Figure 4. Jelly-like telial horns of galls.

two years. The jelly-like horns represent the telial stage of the fungus. The telial horns swell consider ably and produce basidiospores that can be air or water borne for a distance of several miles; however, most infections usually occur within a few hundred yards. Basidiospores infect young apple leaves, fruit and twigs causing disease symptoms mentioned in the previous section. The life cycle of the fungus typically takes about two years to complete.

Table 1. Apple cultivar susceptibility to the cedar-apple rust fungus.


Cedar-apple rust Apple cultivar Arkansas Black Arlet Baldwin Barry Beacon Ben Davis Braeburn Britemac Burgundy Cameo Carroll Cortland Dayton Delicious Early McIntosh Empire Enterprise Fuji Gala Ginger Gold Gloster Golden Delicious Goldrush Granny Smith Gravenstein Holly Grimes Golden Honeycrisp Idared Jamba Jerseymac Jonafree Jonagold Jonamac Jonathan Julyred Liberty Lodi Macoun susceptibility ratingz R HS VR R S S HS R S HS R S R VR R R VR HS HS HS S HS HS R VR R S S S VR S S R HS S VR HS R Apple cultivar Maiden Blush McIntosh Milton Mollies Delicious Monroe Mutsu Niagara Northern Spy Northwestern Greening Paulared Prima Priscilla Pristine Puritan Quinte Raritan Redfree Rhode Island Greening Rome Beauty Scotia Spartan Spigold Spijon Stark Bounty Stark Splendor Starkspur Earliblaze Stayman Summerred Twenty Ounce Viking Wayne Wealthy Williams Pride Winesap Winter Banana Wellington Yellow Transparent York Imperial Cedar-apple rust susceptibility ratingz R VR VR VR S S R S S R HS R S R S S VR S HS R R HS S S S R S HS HS R S HS S R HS R R HS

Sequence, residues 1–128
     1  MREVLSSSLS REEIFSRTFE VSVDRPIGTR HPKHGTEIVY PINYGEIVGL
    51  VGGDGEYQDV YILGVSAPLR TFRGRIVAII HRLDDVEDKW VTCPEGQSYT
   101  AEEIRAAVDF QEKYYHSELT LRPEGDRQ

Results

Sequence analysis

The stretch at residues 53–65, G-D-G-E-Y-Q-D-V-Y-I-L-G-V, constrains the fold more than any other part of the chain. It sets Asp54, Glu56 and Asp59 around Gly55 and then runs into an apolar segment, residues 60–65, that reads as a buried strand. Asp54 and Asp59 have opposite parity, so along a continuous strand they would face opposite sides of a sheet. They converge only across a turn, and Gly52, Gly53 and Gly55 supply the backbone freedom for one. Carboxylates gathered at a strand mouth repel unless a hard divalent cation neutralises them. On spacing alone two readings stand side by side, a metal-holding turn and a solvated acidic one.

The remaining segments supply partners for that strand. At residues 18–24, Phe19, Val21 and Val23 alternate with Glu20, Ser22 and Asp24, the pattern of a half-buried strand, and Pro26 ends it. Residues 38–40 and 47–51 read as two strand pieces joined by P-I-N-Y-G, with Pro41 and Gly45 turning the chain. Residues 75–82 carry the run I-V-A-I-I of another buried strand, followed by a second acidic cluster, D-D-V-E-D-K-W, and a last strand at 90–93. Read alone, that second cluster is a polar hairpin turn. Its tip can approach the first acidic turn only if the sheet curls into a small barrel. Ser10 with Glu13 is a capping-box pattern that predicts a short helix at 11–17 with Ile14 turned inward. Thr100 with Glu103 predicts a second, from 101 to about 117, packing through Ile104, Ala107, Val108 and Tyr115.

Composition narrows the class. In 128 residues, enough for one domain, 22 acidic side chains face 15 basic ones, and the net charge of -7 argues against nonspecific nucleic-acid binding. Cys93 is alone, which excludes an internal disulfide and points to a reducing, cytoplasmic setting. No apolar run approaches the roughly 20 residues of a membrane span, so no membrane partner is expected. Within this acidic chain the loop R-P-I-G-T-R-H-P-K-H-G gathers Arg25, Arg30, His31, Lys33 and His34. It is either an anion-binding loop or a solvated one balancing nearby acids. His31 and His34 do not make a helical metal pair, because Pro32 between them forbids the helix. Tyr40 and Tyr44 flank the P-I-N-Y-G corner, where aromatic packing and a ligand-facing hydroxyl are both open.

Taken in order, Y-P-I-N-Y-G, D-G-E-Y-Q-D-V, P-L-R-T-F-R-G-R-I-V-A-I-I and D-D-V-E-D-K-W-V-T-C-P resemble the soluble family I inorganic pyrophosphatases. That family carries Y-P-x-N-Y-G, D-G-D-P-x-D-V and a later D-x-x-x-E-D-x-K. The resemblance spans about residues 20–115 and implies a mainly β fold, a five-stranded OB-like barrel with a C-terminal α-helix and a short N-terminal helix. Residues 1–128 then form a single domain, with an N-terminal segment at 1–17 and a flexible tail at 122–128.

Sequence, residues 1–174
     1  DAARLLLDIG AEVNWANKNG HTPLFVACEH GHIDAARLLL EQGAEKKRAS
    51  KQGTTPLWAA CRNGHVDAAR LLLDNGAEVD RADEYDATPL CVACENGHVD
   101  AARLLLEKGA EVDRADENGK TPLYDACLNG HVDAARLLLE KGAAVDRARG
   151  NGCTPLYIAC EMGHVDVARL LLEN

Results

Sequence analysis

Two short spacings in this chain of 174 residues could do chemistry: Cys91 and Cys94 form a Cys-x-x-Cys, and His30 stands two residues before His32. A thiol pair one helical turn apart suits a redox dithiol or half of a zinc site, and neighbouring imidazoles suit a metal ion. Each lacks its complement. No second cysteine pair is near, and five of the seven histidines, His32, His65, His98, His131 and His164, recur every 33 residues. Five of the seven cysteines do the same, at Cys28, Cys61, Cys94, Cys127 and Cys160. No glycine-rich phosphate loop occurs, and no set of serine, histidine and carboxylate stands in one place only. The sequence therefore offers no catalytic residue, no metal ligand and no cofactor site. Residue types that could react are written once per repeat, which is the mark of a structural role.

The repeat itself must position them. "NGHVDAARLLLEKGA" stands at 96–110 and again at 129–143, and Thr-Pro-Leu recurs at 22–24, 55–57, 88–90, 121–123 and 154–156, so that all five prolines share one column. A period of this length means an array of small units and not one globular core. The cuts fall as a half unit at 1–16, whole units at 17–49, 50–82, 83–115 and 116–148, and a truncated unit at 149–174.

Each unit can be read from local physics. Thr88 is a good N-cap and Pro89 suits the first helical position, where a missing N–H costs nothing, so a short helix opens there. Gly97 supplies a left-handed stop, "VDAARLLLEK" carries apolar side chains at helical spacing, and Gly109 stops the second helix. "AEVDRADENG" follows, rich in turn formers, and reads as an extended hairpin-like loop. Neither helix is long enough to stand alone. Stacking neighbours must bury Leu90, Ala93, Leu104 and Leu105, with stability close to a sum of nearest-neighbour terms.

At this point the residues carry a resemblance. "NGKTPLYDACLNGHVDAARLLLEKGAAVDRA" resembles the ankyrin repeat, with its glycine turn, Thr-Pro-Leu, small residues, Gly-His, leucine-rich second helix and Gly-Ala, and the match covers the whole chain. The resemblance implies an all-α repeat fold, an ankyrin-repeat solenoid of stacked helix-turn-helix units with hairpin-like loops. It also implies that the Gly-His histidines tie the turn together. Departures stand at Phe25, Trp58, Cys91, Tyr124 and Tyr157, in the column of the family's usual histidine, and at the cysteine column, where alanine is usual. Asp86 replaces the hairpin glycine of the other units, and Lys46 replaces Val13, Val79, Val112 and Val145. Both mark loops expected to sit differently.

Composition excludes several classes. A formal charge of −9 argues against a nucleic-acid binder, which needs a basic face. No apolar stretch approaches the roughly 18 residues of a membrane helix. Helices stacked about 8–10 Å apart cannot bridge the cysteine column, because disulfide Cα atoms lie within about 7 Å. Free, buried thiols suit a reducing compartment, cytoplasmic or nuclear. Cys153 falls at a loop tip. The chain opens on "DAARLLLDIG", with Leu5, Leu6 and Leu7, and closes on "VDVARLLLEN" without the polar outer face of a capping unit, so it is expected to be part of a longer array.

zVR = very resistant. No control needed. (Very few cultivars in this category for any disease.)
R = resistant. Control only needed under high disease pressure.
S = susceptible. Control usually needed where disease is prevalent.
HS = highly susceptible. Control always needed where disease is prevalent. These cultivars should receive first priority when
control is called for.
West Virginia University
Kearneysville Tree Fruit Research and Education Center

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DR. STEPHEN VANN is assistant professor, Extension urban plant pathologist, with the University of Arkansas Division of Agriculture, Cooperative Extension Service, Little Rock. Issued in furtherance of Cooperative Extension work, Acts of May 8 and
June 30, 1914, in cooperation with the U.S. Department of Agriculture,
Director, Cooperative Extension Service, University of Arkansas. The
Arkansas Cooperative Extension Service offers its programs to all eligible
persons regardless of race, color, national origin, religion, gender, age,
disability, marital or veteran status, or any other legally protected status,
and is an Equal Opportunity Employer.

FSA7538-PD-5-06N